They say never judge a book by it's cover, well then maybe don't read this.
There are two constants in the life of Henry Chinaski; every woman he beds was "good" and every job he has ever had and will have asks far to much of him for far to little pay. Factotum is not different, Chinaski like most books gets himself hooked to a crazed woman who likes to show him some leg while at the same time moving from job to job (mores so in this book than any other) where his bosses don't understand him and ask far too much of him.
I get the job thing, he is lazy by nature, hates being told what to do and above all would rather be sitting in his bed with his back to the wall drinking a beer. I get that.
What I don't get is how a man that looks like this, who considers himself not to be a ladies man can be found giving it to a new woman every other chapter (What is equally as confusing is the year long dry spells he speaks of). Now of course this is fictional and not autobiographical (though Henry Chinaski sounds awfully close to Charles Bukowski) and he probably embellishes most of what he writes but there must be some form of truth to it.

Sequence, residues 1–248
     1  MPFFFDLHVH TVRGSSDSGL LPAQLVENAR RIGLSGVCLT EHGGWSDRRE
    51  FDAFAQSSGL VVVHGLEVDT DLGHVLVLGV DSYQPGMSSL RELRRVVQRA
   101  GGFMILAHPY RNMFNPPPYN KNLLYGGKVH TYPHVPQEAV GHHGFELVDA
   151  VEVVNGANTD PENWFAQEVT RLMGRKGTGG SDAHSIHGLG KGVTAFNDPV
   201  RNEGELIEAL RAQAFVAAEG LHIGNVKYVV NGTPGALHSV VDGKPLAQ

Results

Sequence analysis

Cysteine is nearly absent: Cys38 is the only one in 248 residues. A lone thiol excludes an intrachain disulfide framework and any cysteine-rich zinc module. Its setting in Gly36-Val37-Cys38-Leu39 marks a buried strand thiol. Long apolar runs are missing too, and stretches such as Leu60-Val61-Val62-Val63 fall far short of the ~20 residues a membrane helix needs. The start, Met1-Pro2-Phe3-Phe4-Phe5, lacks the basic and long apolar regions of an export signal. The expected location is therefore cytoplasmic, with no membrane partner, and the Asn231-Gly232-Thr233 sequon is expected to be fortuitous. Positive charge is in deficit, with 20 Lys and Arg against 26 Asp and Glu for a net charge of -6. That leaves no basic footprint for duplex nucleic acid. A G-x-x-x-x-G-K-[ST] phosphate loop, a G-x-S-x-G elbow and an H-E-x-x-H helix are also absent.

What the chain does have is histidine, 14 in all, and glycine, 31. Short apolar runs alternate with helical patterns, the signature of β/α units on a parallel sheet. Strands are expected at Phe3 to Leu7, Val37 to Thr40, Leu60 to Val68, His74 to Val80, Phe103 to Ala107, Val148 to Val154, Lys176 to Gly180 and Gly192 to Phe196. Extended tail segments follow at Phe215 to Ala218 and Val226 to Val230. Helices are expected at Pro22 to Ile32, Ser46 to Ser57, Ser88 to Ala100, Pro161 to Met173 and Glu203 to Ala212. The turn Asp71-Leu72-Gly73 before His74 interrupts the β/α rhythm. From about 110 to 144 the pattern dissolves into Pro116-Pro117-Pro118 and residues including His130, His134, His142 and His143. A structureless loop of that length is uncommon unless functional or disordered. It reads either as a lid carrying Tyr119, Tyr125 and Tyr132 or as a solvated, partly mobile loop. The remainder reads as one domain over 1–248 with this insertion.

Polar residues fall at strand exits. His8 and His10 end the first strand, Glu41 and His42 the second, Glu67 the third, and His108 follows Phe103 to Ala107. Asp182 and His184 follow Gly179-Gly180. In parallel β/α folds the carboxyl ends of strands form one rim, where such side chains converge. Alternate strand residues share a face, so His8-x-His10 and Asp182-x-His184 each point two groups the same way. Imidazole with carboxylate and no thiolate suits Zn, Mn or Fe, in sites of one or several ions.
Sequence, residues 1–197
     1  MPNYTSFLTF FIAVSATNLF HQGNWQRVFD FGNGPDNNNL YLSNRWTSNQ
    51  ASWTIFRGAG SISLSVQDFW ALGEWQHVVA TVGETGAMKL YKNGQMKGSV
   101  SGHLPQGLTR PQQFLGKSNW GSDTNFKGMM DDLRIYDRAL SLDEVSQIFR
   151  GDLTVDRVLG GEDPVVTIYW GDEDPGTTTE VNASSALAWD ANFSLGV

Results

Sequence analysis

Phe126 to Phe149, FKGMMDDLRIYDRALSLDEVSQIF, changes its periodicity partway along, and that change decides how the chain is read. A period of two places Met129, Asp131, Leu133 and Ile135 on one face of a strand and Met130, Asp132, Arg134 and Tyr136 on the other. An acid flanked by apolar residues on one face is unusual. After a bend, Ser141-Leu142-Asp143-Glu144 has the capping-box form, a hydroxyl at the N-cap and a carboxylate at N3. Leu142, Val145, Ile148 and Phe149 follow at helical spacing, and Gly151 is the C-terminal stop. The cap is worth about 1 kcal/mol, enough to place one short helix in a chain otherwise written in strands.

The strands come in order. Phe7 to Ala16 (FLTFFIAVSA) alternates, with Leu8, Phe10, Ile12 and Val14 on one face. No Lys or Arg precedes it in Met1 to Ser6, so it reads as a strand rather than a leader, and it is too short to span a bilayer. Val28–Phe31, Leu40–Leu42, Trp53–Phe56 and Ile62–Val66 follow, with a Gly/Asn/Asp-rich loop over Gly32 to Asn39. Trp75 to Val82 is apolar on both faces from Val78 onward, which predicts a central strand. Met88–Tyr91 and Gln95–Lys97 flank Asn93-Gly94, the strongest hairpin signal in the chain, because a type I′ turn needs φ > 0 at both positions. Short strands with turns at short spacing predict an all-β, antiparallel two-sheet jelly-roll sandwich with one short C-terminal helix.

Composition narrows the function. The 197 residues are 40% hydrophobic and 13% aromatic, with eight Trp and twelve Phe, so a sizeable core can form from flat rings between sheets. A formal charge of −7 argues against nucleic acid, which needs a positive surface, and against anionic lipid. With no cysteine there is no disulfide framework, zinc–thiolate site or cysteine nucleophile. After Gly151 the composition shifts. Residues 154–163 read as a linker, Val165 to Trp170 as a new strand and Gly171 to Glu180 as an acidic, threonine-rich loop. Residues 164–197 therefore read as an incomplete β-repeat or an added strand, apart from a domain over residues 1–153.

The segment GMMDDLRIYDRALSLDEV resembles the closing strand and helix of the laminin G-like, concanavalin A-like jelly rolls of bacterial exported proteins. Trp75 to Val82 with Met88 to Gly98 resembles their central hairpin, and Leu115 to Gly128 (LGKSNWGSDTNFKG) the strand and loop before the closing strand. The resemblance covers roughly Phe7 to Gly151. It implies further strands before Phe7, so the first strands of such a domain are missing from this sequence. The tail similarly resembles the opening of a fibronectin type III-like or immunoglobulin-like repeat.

Regardless of an overall meaning I enjoy reading Bukowski if not for the sex crazed boozed up smart ass Chinaski but for the quick to the point writing and the finality of each book. The use of his novels to portray periods of living be it his life from birth to leaving his family, or his work at the post office, or even his preoccupation with only women, each book he writes is about one period in his life and the main issue that his life revolves around at that time (what an English teacher would call a theme).
That being said I am going to leave Hollywood and South of No North for later. I find it hard to believe that anything is going to top Ham on Rye, Post Office or the other two I read, so I plan on reading Bukowski when I'm not likely to feel let down and in reality all I want is my sex crazed boozed up smart ass fix.
a forest of stone
3 years ago